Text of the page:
Bergamo cherishes the memory of its most famous composer, Gaetano Donizetti. No one could have imagined that the third son of a poor artisan living just outside the city wall could have risen to such international renown. But thanks to the help of Johann Simon Mayr, the German-born maestro di cappella at the basilica of S Maria Maggiore, his talent was quickly recognized and nurtured. Fired with creativity and soon much in demand for new operas in Naples, Milan and later Paris, where he gained Rossini’s favour, fortune beckoned. But his life, in some ways like a fairytale, ended sadly: a melancholy widower whose children had all died in infancy, mentally debilitated by syphilis, paralysed and unable to speak, he returned from Paris to Bergamo in 1848 to die among family and friends.

Donizetti was born on 29 September 1797 in a dark, two-room apartment below the street in the Casa Codazzi, at Borgo Canale 10 (now 14). The street winds down the slope of the alta citta -the old part of the city is built on a steep hill – from the S Alessandro gate towards the Lombardy plain below. Donizetti’s birthplace was declared a national monument in 1926 and in 1994 a modest exhibition, Donizetti a Bergamo’, opened there, showing photographs of the city and a variety of posters. Yet it does evoke the conditions under which Donizetti spent his early years, cramped and dank. (The family shared a kitchen and laundry space with other families resident in the basement.) The upper part of the house is now occupied by the Fondazione Donizetti. A few doors away a plaque marks the house in which the cellist Alfredo Piatti, himself a great admirer of Donizetti, was born in 1822.

Istituto Musicale Gaetano Donizetti, Bergamo

The family fortunes changed in 1806: they moved to better quarters at Piazza Nova 35 (now Piazza Mascheroni 8) and Gaetano began studies as one of the first pupils at the choir school revived by Maestro Mayr that year. When Donizetti was 18, Mayr made it possible for him to continue his studies in Bologna at the Liceo Filarmonico Comunale, after which he returned to Bergamo and on Mayr’s recommendation obtained commissions for four operas for Venice.


Naples in the 1820s, Milan in the early 1830s, and then Naples, Vienna and Paris – not Bergamo – were in turn his home. He married Virgilia Vasselli in 1828; she died in Paris in 1837. Ominously, in 1844 the first signs appeared of the cerebrospinal degeneration’ diagnosed two years later; after 17 months in a suburban sanatorium at Ivry he was reduced to semiconsciousness, unable to move or speak. His nephew brought him home to Bergamo, where he died six months later, on 18 April 1848, in the Palazzo Scotti. The house, at what is now Via Gaetano Donizetti 1, is marked by a plaque. Donizetti was initially buried in the Pezzoli family chapel at the Valtesse Cemetery. But in 1875 his remains, along with those of Mayr (who had died in 1844), were exhumed and interred in S Maria Maggiore; Donizetti’s tomb was topped by a monument sculpted for the basilica by Vincenzo Vela in 1855. In 1951 the city fathers decided to re-open his tomb a second time to unite the cap of his skull (retained by a pathologist as a souvenir of the autopsy) with the rest of his remains. With the centenary of Donizetti’s birth in 1897 came the first exhibition in Bergamo of his memorabilia, drawn from the collections of his brother’s grandsons.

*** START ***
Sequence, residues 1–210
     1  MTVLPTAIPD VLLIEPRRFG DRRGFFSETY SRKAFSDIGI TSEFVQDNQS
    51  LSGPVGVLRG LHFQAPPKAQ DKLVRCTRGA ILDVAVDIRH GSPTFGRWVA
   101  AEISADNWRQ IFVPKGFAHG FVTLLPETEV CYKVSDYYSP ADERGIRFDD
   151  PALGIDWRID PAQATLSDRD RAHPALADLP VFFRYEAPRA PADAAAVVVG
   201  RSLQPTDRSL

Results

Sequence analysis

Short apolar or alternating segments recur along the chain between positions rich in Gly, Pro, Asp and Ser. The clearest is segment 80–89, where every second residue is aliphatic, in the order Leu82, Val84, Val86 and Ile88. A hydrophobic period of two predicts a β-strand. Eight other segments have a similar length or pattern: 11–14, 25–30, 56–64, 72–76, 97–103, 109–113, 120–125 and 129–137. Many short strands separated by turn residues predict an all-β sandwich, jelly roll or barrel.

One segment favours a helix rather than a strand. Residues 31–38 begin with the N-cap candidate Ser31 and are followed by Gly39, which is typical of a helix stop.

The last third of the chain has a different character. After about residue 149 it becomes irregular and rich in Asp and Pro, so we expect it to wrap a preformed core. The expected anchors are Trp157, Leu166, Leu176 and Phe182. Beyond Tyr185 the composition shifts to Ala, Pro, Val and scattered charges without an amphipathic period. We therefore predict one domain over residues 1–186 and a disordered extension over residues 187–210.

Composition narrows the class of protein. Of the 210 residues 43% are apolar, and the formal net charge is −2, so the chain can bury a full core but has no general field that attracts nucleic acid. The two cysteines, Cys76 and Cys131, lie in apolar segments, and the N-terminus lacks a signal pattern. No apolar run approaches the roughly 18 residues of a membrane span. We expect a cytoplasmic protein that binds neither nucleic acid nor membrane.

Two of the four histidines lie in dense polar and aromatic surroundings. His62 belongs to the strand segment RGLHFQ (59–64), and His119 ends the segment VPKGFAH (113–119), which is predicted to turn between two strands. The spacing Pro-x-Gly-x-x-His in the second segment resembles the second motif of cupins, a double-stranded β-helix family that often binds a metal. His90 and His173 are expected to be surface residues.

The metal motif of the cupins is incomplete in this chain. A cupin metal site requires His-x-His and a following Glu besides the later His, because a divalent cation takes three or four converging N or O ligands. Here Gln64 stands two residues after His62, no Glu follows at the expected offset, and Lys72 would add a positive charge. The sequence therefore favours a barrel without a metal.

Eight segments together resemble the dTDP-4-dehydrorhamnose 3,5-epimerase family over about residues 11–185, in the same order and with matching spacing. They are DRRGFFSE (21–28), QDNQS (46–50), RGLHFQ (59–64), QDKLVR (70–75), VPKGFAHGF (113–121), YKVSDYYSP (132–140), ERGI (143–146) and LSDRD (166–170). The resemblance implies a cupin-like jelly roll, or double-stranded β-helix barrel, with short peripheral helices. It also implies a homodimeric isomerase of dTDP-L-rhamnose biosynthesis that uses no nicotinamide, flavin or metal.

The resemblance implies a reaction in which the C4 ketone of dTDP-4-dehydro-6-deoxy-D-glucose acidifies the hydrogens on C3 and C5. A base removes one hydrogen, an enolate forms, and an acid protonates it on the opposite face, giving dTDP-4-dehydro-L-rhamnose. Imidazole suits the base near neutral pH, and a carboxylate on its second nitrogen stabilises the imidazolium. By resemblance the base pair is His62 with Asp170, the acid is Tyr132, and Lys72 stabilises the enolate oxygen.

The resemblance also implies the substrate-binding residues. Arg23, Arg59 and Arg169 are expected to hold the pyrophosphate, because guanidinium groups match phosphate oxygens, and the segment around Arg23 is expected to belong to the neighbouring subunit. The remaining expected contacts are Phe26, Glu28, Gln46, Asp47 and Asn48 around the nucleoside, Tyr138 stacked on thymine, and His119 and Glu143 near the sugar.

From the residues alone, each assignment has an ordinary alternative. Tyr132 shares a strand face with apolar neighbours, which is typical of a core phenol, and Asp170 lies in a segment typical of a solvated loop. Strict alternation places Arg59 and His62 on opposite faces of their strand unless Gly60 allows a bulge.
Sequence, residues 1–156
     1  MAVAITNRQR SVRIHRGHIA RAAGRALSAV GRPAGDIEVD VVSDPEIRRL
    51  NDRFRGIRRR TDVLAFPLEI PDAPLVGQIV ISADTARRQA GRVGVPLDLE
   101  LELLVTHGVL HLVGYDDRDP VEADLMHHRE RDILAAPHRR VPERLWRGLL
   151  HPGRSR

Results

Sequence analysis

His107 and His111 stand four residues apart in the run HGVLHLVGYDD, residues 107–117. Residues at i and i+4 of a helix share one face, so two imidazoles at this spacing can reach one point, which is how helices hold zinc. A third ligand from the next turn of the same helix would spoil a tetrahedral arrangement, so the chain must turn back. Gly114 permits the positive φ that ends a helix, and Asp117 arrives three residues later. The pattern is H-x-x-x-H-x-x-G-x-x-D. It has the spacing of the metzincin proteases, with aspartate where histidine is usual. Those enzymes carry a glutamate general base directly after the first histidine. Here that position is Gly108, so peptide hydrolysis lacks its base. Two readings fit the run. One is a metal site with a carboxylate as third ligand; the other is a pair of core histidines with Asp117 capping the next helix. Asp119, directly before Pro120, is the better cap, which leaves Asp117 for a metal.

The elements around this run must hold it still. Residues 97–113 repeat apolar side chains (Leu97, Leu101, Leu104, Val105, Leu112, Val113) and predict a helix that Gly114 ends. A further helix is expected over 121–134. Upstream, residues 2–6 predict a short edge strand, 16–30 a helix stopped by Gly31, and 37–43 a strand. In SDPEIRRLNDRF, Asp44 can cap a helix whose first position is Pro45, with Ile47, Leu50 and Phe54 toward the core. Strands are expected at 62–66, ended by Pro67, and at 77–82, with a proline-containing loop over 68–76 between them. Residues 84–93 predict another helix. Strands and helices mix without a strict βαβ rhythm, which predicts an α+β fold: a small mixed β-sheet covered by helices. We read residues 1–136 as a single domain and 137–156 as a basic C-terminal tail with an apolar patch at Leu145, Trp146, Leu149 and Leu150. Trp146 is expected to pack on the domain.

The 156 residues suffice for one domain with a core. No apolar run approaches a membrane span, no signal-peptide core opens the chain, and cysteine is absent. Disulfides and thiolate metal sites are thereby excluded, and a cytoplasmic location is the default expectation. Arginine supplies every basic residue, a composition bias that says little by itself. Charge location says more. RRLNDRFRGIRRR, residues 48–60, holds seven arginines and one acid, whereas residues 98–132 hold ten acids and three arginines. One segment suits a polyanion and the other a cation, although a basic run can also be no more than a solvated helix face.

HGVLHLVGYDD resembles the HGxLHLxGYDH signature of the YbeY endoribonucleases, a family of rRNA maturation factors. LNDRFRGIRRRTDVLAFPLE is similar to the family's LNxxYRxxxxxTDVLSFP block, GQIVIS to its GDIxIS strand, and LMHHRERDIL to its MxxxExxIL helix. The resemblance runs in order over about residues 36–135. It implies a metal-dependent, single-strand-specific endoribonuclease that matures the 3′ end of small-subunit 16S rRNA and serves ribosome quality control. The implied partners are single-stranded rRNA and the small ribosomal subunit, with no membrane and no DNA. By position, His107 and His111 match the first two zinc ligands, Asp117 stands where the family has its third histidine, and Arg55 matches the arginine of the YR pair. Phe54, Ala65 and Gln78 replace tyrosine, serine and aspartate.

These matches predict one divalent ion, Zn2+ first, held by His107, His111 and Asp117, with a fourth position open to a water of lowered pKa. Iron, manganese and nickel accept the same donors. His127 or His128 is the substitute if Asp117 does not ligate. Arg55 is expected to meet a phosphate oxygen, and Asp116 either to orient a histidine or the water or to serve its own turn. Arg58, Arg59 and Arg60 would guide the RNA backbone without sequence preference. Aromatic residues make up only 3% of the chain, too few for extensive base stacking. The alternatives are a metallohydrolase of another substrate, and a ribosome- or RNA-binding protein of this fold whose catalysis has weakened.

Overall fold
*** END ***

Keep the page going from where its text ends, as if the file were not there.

This may in turn have inspired the foundation of the Museo Donizettiano in 1903 by Baronessa Scotti, who endowed it with her own collection. The museum, among the finest of its kind in Italy, occupies two rooms in the Istituto Musicale Gaetano Donizetti, the successor to Mayr’s school (Mayr lived nearby, at Via Arena 20). The collection is by any standards extensive, and that enables the displays to be regularly changed. There are musical autographs from 1813 onwards; letters and other documents; innumerable portraits of Donizetti, Mayr, his family, friends (especially the baronessa) and his singers; his pianos, including the 1822 Carl Strobel that he used for composing most of his music and his 1844 Bosendorfer as well as Mayr’s Caspar Lorenz square piano; and the Austrian court clothes he wore as Kapellmeister in Vienna in 1842. All the manuscript texts on display are clearly transcribed. Entire cases are devoted to individual operas and illustrated with scene designs, printed scores and librettos as well as manuscripts and portraits.

There are also personal effects – quill pens, his toilet kit, his Turkish pipe, his ring and Madonna medallion – and a death mask. Among the most graphic images of the composer is a daguerreotype portrait of him, ravaged by illness, with his nephew at Ivry, dated 3 August 1847. Until 1951 the cap of his skull was displayed in an urn; perhaps even more macabre, the museum also owns the black wool tailcoat in which he was buried and which was recovered almost intact’, in 1875. In an alcove off the main room are furniture and mementoes of his last days, including his invalid’s armchair, with a tray and upholstered headrest, and the bed in which he died. On the wall is a telling, but dignified, idealized last portrait by Giuseppe Rillosi (the invalid chair lacks the tray and headrest).

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